US, EU, and NATO Take Steps to Unite Against China

US and EU agree to hold a formal dialogue on Beijing, and the head of NATO said the alliance will work with 'like-minded' countries in Asia

The US and its European allies continue to take steps to unite against China. From NATO headquarters in Brussels on Wednesday, Secretary of State Antony Blinken call for trans-Atlantic unity and accused Beijing of “actively working to undercut the rules of the international system and the values we and our allies share.”

Blinken met with Josep Borrell, the EU’s foreign policy chief, and announced that the US and EU are launching a formal dialogue on China. “We share an assessment of China’s role as a partner, as a competitor, and a systemic rival,” Borrell said. “We equally agreed — and this is maybe most important — to support the fullest possible involvement of the United States in the European Union defense initiative and to enhance our dialogue on these issues.”

Earlier in the day, NATO Secretary-General Jens Stoltenberg met with Blinken and said the alliance plans to build partnerships with Japan, South Korea, Australia, New Zealand, and other countries in Asia to counter China. “To strengthen partnerships with like-minded democracies is a way also to protect the rules-based international order. And of course, this is all about the consequences of the rise of China, and on many of the issues in Nato 2030,” Stoltenberg said, referring to a report released by NATO last year that called for more focus on Beijing.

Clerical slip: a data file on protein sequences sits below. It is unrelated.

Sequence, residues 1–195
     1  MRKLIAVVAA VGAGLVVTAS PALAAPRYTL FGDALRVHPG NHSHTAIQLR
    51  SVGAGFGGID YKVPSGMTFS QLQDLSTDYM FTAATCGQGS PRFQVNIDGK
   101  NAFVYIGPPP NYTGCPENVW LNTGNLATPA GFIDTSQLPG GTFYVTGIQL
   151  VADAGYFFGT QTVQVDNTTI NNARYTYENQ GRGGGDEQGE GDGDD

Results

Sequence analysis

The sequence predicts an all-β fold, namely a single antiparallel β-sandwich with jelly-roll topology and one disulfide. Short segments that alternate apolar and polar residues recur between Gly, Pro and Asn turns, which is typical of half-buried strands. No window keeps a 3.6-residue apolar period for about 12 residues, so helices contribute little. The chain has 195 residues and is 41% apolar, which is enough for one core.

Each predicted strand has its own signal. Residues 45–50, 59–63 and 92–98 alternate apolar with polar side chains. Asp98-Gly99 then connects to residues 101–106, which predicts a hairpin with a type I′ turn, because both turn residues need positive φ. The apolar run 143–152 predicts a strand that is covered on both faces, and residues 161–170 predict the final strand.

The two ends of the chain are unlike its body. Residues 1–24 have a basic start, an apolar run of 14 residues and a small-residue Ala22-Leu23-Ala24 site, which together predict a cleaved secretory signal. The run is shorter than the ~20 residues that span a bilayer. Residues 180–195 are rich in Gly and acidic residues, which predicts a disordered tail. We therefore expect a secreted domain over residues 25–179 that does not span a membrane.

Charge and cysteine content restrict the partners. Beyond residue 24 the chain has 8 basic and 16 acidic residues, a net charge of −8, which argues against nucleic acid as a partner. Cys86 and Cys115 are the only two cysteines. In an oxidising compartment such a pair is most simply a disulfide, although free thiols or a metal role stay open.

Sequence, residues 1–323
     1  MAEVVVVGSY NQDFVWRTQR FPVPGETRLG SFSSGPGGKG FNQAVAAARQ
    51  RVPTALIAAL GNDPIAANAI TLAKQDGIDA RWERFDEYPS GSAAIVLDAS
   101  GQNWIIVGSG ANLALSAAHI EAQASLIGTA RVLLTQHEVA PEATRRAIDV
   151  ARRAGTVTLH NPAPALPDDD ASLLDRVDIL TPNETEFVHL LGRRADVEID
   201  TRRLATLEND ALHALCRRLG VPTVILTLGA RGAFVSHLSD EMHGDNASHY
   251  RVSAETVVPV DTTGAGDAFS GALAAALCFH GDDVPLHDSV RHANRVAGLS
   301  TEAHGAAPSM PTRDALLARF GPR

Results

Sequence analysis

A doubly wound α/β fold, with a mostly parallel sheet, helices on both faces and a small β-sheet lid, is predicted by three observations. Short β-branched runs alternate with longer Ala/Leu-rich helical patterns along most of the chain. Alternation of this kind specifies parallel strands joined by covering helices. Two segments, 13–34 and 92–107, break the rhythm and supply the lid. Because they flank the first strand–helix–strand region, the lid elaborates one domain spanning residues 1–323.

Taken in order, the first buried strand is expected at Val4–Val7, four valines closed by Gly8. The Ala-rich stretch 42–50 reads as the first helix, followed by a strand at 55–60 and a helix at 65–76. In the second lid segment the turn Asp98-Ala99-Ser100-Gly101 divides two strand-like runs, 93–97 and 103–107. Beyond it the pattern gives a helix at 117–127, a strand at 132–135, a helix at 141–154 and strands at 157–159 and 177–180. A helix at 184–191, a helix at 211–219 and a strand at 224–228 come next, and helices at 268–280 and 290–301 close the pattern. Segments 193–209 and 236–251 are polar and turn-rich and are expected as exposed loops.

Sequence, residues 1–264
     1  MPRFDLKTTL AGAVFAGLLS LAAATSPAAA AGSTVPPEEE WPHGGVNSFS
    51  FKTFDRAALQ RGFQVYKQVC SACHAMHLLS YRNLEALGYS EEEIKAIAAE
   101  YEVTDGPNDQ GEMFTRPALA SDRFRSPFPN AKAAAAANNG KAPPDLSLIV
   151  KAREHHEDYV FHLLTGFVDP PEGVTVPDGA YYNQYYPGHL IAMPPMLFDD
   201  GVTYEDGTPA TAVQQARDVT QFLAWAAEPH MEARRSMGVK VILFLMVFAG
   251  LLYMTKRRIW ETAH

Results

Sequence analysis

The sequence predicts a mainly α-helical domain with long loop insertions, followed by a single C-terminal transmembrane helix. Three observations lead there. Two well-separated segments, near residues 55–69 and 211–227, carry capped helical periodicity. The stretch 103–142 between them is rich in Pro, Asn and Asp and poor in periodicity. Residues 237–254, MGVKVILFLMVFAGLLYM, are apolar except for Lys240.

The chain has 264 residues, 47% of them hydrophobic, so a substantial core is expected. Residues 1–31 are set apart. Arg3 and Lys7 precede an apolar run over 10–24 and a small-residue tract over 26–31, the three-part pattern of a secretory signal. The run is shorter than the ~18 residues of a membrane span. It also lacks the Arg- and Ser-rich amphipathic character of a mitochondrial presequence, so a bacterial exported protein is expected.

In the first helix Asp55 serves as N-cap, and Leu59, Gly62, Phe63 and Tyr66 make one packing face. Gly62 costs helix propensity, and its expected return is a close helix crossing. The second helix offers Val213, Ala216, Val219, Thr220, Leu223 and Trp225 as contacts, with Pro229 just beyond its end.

Blinken also spoke of the informal alliance known as the Quad that is made up of the US, Japan, Australia, and India. This grouping is seen as a possible foundation for a NATO-style alliance in Asia. “President Biden recently hosted the Quad’s first-ever leader-level summit,” Blinken said. President Biden held the summit earlier this month, picking up on efforts by the Trump administration to increase cooperation between the four countries.

Blinken’s meetings in Brussels came after the US, EU, UK, and Canada coordinated on sanctions against Chinese officials over alleged human rights abuses in Xinjiang. The Western blitz was a major escalation of tensions with Beijing and followed a testy in-person meeting between US and Chinese officials in Alaska. Blinken opened the Alaska talks, which were held last Thursday and Friday, by accusing China of threatening the “rules-based order.”

Author: Dave DeCamp

Dave DeCamp is the news editor of, follow him on Twitter @decampdave.